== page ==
A common objection to bitcoin has long been that a lot of computer power, and thus energy consumption, is needed to keep the blockchain network running through mining.
Recently, a study showed that bitcoin mining can be a contributing factor to the earth’s temperature increasing more than two degrees, a figure many experts say is critical to the earth’s long-term sustainability. However, the study received heavy criticism from people in the crypto world.
Another study from December, however, showed that 77 percent of all bitcoin mining uses renewable energy and that bitcoin, in fact, does little meaningful harm to the environment.
The opinions seem to be different, to say the least.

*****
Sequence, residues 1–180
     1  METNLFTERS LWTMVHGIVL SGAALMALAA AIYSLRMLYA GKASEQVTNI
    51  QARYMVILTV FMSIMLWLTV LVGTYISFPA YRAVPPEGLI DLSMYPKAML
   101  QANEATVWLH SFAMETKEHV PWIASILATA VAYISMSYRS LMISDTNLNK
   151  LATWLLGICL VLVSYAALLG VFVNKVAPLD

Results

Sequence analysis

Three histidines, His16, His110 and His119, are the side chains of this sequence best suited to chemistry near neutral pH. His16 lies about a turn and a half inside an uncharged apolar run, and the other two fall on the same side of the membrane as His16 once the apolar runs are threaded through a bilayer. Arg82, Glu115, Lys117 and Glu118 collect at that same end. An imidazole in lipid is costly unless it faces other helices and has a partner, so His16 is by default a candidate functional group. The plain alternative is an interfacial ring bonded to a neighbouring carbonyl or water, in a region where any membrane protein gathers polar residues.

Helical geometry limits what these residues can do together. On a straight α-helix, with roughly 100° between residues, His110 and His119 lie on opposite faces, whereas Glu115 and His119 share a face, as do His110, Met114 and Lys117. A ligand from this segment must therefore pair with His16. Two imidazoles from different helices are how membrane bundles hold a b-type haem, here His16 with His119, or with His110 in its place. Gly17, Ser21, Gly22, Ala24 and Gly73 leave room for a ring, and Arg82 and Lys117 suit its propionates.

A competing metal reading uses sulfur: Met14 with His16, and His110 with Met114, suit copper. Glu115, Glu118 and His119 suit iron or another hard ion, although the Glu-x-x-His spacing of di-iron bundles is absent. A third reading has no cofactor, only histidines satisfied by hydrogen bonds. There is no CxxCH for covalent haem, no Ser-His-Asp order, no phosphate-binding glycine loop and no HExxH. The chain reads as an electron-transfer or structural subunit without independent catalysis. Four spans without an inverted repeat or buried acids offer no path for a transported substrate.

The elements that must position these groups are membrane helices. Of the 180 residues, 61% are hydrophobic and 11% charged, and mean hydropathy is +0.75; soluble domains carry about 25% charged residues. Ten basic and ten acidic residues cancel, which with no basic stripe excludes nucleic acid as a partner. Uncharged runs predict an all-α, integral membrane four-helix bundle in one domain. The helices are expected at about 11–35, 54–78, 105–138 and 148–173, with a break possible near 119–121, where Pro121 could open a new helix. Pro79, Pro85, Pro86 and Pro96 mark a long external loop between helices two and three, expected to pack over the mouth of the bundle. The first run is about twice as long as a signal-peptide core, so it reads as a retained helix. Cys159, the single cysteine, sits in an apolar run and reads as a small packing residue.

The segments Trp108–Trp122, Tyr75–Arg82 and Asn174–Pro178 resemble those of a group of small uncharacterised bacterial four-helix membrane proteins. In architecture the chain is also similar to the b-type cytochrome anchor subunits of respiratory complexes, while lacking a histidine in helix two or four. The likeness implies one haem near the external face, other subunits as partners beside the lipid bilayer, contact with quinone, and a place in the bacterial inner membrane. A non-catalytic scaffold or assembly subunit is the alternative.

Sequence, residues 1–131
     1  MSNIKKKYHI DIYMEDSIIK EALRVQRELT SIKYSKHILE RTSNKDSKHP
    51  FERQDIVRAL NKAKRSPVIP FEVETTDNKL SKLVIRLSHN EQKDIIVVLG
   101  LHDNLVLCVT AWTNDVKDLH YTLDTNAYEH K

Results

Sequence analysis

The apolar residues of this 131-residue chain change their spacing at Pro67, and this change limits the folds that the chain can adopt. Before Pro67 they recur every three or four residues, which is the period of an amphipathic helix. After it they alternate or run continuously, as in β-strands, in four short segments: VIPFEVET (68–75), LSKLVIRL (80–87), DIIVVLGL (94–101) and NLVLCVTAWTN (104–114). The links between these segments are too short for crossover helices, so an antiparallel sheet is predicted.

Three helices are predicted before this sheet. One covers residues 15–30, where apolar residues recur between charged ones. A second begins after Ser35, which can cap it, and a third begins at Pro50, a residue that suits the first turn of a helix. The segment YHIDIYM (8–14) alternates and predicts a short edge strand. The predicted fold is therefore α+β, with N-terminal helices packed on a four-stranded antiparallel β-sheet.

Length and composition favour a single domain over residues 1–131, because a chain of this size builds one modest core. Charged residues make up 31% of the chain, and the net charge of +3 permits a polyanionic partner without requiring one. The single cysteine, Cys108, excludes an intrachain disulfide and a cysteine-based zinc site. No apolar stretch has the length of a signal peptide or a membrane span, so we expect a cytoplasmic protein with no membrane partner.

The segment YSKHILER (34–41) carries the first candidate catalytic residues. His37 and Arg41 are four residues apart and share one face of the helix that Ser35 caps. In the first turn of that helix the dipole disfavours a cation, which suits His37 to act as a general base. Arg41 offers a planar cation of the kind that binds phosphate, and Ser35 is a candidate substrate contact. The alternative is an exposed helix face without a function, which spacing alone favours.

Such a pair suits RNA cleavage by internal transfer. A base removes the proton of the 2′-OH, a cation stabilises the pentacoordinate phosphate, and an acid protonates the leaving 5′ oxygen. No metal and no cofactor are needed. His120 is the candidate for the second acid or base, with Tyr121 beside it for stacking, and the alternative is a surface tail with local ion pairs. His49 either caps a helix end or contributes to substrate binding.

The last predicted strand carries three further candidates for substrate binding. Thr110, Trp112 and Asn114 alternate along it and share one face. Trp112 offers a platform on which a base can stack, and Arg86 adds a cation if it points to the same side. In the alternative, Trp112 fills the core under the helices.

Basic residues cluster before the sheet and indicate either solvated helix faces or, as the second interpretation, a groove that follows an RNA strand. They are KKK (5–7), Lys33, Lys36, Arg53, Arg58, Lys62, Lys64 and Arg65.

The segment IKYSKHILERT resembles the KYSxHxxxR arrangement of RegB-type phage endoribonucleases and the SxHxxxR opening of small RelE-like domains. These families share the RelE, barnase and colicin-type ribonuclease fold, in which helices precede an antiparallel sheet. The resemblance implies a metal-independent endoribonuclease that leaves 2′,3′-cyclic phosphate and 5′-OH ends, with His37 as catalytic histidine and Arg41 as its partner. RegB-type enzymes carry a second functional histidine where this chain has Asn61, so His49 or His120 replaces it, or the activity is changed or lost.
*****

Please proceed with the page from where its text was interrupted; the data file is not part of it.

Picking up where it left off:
Energy consumption decreases
However, data from the crypto analysis site Digiconomist now shows that bitcoin’s energy consumption has fallen sharply. Since November, the site’s “Bitcoin energy consumption index” shows that consumption has decreased from about 73 terawatt hours (TWh) per year to about 47 terawatt hours (TWh) per year. That is a decline of 35 percent.
One possible reason for the decline may be that the difficulty level for bitcoin, i.e. a measure of how difficult it is to find a new block on the blockchain, has declined since November. This is shown by data from the site Blockchain.
The fact that the difficulty level has gone down may, in turn, be due to a decreasing number of miners. If that were the case, it would mean that there is no longer as high competition for confirming the blocks on the bitcoin blockchain and that it, therefore, requires less computing power, and thus energy consumption, to mine bitcoin.